In the last post I discussed a checklist for determining if your manuscript is ready for self-publishing. Now I’d like to take up this question: Are you ready to self-publish?
You might think I already covered that territory, but having your manuscript in good shape is only half the battle. Assuming the writing is up to snuff, the following points are worth your consideration before you take that final leap into the publishing world.
Do you have the funds to pay for it?
From an attractive cover design to formatting your pages (and that entails formatting for both print and ebook) to purchasing hard copies of your masterpiece, do you have the money to buy the book you’ve envisioned? It’s a hard question but one you need to sort out before you rush headlong into publication. Decide what you need help with and what you can do yourself–if you are competent to do such skills, that is. Compare prices and services for those companies that help writers publish their books. Read customer reviews. Do a thorough job of researching all that goes into making your manuscript into a book.
And don’t forget the marketing expenses. Purchasing promotional materials like posters for book tables and swag for potential customers, buying Facebook ads, and using book promoting sites–these are some of the ways you’ll be investing more funds into your dream book. And that’s okay–as long as you do your homework and enter into these ventures with eyes wide open.
Are you ready to market your book?
I’ve had this discussion with so many writers, and the answers vary. Introverts (and many writers, including this one, are introverted) tend to hate the idea of hawking their wares from book signing to book signing. Some even balk at beefing up their online presence. They simply want to write the darn book and move on. Other writers nod sympathetically, hiding the gleam in their eyes. They like the idea of self-promotion and visiting with potential fans. Yet even these author-marketers ride the waves of up and down sales. Trying new marketing strategies can be exciting when they pay off in positive reviews and purchased books–and frustrating when a book launch falls flat and all that hard work seems wasted.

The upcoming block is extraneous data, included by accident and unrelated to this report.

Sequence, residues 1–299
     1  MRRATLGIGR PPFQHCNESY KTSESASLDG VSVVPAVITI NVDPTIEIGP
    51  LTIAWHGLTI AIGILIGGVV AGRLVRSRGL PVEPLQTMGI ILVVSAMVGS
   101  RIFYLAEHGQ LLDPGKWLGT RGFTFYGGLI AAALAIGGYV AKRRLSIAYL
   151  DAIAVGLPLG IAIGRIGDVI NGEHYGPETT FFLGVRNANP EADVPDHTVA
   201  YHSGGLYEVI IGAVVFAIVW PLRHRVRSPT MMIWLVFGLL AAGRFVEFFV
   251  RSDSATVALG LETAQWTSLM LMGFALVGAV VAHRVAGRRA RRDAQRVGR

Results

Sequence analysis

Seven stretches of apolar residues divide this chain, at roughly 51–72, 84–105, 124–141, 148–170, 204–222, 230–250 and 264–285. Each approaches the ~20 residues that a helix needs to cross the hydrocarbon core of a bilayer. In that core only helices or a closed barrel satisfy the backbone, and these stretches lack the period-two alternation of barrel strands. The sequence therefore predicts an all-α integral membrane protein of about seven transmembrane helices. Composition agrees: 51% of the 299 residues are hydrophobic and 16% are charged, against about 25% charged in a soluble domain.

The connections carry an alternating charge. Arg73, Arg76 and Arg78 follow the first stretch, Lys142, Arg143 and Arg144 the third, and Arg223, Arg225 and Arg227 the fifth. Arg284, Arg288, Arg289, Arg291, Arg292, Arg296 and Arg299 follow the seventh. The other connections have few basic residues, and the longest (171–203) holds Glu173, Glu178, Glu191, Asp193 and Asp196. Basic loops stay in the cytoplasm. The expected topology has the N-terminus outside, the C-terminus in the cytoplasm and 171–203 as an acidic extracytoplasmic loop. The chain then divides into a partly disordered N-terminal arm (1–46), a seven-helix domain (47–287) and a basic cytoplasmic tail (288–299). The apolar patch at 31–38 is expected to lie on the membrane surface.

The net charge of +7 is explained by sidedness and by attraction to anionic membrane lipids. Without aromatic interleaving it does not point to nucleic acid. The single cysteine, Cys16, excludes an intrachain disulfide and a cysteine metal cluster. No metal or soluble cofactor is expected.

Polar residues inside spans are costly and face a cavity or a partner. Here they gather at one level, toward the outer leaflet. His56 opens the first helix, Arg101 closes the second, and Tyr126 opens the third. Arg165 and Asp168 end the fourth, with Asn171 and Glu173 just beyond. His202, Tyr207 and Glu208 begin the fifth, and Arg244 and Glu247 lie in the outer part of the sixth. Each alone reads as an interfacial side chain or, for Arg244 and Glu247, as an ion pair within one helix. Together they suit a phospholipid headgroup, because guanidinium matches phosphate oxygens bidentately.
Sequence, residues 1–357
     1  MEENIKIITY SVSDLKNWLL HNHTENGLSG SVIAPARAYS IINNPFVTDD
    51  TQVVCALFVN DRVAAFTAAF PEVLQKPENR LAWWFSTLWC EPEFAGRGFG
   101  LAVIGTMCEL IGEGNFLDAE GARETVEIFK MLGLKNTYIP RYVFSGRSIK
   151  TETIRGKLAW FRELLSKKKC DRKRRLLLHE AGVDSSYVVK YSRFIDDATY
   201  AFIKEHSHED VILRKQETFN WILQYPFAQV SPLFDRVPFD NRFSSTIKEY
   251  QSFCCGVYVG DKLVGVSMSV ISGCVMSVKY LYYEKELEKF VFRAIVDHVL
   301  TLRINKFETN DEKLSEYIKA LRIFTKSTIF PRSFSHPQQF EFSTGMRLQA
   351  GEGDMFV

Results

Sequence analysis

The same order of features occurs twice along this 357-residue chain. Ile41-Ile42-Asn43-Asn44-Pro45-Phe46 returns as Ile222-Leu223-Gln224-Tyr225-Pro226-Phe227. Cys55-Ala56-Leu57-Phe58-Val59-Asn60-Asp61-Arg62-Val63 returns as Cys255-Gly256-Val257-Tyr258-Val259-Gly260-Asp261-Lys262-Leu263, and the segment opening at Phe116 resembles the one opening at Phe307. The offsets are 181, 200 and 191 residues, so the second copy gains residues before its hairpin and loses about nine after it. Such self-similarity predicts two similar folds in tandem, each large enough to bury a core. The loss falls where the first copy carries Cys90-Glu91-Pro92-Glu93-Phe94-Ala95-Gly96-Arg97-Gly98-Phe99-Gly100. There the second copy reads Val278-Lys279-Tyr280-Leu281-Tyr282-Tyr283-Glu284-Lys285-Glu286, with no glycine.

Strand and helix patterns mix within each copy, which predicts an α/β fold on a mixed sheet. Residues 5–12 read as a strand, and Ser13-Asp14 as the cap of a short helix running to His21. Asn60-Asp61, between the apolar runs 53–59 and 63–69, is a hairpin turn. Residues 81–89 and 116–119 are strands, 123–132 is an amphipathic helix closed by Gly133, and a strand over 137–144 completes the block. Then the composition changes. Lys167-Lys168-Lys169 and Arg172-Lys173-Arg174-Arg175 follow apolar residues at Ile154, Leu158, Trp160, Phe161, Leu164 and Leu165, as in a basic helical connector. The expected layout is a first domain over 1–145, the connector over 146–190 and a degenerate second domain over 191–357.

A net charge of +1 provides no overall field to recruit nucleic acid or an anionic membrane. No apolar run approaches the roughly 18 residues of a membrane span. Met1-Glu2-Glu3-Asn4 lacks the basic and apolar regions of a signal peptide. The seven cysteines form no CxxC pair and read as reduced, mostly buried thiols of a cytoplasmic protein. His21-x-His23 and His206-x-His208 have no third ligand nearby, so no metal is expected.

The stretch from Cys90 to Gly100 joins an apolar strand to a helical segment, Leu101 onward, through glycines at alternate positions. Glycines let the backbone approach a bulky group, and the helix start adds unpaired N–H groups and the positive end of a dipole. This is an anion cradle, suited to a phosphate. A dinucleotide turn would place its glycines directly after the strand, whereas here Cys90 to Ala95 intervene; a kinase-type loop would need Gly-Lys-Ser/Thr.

Be realistic. If you’ve written a book and you want it to do well (find readers for it and potentially make a profit), you need to decide what you’re willing to do to make that happen. What can you deal with and what is non-negotiable? For example, you might pass on addressing school assemblies, but you’ll agree to a book signing with other writer friends. Or maybe you don’t feel competent engaging with people in person, but setting up an author’s website and regularly blogging and interacting with readers that way feels comfortable.
I should mention here that writers going the traditional route to publication are also expected to do their share of marketing.
Do you have the time and energy it takes to go through the process?
It took a lot of hard work to write the book, and it will take more of the same to see your creation through production, printing, and sales. How much time can you commit to the project? Do you have the necessary energy and enthusiasm to devote to each step along the way? What’s your timetable for launching the book? Know what to expect and prepare for the duration.
Don’t be in such a rush to get your book out there that you neglect the necessary research to do it right. Ask other authors about their experiences, and if they have any recommendations.
Do you have people to support you?
Do your loved ones believe in you and your writing career? While not absolutely necessary, the encouragement of friends and family will go a long way in helping you keep your sanity. They’ll understand sandwiches for supper and retrieving their clothes from a laundry basket instead of a drawer. And, if you’re really lucky, they will cook supper and fold the laundry.
Do you have writing peers cheering you on? Fellow soldiers of the pen who understand what you are going through? That can make a huge difference in keeping you on track. If you are fortunate to find a supportive group of writers to share your victories and to commiseratecwith, you’ll have a weapon in your arsenal when the going gets tough and you feel like quitting.
The path to publication is not easy, but it is rewarding. Your dream is worth pursuing. But know what that dream entails.
Are you in the process of self-publishing? Tell us about it in the comments.
Related posts: Is Your Manuscript Ready? A Self-publishing Checklist